For more information including the location of services both in the U.S. and around the world, visit http://compassionatefriends.org or call 877-969-0010.
Lisa is a clinical social worker in private practice in Ithaca, NY. She is a mother of two incredible daughters, Diane and Christine, and will be joining with her family and other bereaved parents around the world to remember Diane, and other children who have died, on December 12th.
Is it OK to love your clients?
I say yes.
Before you report me to the State Ethics committee, I’m not talking about romantic entanglements or inappropriate sexual contact or even the violation of healthy boundaries.
But in the health care field we’ve always been told “don’t get too attached” to the clients that we care for. But doesn’t this go against human nature?
Most of the nurses, social workers, home health aides, and other allied health professionals I know have gone into this work because they care about people and want to help them. When you provide intimate, day to day care for human beings, the kind that eases suffering and reduces loneliness, and you hear someone’s personal stories, share lots of laughter and a few tears, you naturally come to love them.
And they love you, too.
Dr. Bill Thomas, founder of The Eden Alternative, has written about this in his book, “What Are Old People For: How Elders Will Save the World.”
He proposes that instead of denying the love that health care workers have for their clients, organizations acknowledge and support it.
To do so would ensure that such attachments are healthy and appropriate, and provide support for a worker’s grief when a beloved client dies.
Today, the love and affection workers feel is often forced underground, leading to stress and isolation for the worker, and could ultimately contribute to burn-out and turn-over.
Can you imagine how relieved our health care workforce might be to have permission to love, and have support and supervision to do so every day, on the job, in the open?
How much might this improve care for the ill and our Elders?
Lisa Kendall is a Licensed Clinical Social Worker with advanced certification in clinical gerontology who works in home care, has a private practice in Ithaca, NY, and is an “Eden at Home” Educator. You can get more information on The Eden Alternative and Eden at Home at www.edenalt.org
Contact me if your organization would like to host an “Eden at Home” Certified Trainer Workshop!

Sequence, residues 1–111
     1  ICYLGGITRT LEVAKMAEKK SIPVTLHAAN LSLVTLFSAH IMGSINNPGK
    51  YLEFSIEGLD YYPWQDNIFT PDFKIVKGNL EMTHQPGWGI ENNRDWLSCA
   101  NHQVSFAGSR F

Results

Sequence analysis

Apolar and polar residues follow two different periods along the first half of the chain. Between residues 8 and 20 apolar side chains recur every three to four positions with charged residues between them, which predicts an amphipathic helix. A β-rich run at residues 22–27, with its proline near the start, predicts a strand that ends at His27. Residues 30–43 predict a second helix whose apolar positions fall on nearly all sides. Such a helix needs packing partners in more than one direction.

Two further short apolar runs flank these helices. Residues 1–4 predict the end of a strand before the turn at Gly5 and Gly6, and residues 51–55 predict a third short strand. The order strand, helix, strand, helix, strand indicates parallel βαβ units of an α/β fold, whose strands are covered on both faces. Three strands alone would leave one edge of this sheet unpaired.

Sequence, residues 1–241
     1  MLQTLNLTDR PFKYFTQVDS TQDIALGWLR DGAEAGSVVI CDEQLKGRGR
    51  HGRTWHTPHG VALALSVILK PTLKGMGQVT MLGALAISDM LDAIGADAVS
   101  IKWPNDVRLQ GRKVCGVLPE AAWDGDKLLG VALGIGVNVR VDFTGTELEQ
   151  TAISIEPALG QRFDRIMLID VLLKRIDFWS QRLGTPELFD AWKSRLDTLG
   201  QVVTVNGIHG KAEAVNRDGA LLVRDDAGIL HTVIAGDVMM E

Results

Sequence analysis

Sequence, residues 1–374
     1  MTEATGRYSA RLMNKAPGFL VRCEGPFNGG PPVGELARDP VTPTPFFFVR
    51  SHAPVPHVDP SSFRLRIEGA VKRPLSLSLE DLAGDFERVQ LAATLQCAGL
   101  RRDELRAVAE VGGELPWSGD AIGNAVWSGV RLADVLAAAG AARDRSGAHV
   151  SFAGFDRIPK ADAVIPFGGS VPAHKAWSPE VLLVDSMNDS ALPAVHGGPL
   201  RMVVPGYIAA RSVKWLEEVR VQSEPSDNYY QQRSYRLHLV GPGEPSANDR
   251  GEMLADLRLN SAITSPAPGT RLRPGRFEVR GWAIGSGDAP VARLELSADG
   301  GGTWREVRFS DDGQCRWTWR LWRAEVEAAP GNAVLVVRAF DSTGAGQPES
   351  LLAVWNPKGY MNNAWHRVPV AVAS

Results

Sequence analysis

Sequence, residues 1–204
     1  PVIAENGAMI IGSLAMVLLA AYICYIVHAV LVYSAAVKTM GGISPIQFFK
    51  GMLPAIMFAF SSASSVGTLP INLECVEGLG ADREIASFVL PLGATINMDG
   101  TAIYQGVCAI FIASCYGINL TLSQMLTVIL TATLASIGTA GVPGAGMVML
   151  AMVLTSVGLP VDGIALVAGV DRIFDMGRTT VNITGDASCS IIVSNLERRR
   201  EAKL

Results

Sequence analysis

Announcing a Webinar from the
Celebrating the Sacredness of Life and Death
Panelists: Cheryl Fitzgerald, C-GNP, C-ANP; Sharon Wolff, MSW; and Richard Gamache, MS, CNHA, FACHCA
Learn how a group of people from different disciplines can work together to improve end-of-life care and how we honor death for all members of the community. Learn about the four points of a mission statement that changed one organization’s approach:
- We believe death is sacred;
- We believe that no one should die alone;
- We believe staff, families and Elders need time and space to grieve; and
- We honor the memory of every life we have been privileged to touch.
Elmhurst Extended Care’s Celebration of Life program was honored by Rhode Island Quality Partners as the recipient of the Advancing Innovation in Healthcare Award in 2009. Our distinguished panelists will share how Celebration of Life is not only devoted to improving end-of-life care, but also to celebrating the lives of Elmhurst community members.
Cheryl Fitzgerald, Director of Clinical Services at Elmhurst Extended Care, is a nurse practitioner certified in geriatrics and an Eden Alternative Mentor. Sharon Wolff, Director of Social Services, is an Eden Alternative Mentor and Chair of Elmhurst’s Celebration of Life Committee. Richard Gamache serves as Administrator of Elmhurst Extended Care. He is also an Eden Alternative Educator and Mentor. Join us on August 18th for this inspiring webinar experience!
A lady at the garage told me there was a tornado warning in our area this morning, a rare thing in Ithaca. I couldn’t confirm it, although we are expecting thunderstorms this afternoon. It reminded me of another July day several years ago when a summer storm took down about a third of the huge, beautiful maple tree that graces our side yard, breaking our hearts, but thankfully, not our cars or our necks.
The same storm had blown over a favorite flowering tree in a neighbor’s farmyard. She and her husband had lived on their property their entire married life, raising cows, pigs, children, and grandchildren. Now Jean* was the full-time caregiver for Bob,* whose stroke left him in bed and unable to care for himself.
Whenever I visited, Jean lamented the loss of her tree, talking about how strong it had been, how tall, how sturdy. She just couldn’t believe it was gone, uprooted by the summer wind. Her grief for the tree continued; she mentioned it every time I called, and seemed unable to get over it.
Jean was a doting wife and meticulous care partner for Bob, and it was clear she was as madly in love with him as the day she met and married him. Bob was often confused, but always liked to flirt with female visitors, and in his occasional confusion would tell me that he’d been out cutting wood that day, or tending to the pigs. In his mind he was as strong and as busy as ever.
One day I watched Bob lying in his bed and Jean hovering over him, adjusting his blankets and teasing him.
It was in that moment that I realized I was looking at the Great Tree on the farm, the one that had been felled, and for whom Jean was grieving in the deepest, most hidden part of her heart.
*All names and identifying details in this story have been changed to protect privacy. Lisa Kendall is a clinical social worker who works with Elders and their Care Partners, and is an Eden at Home Educator.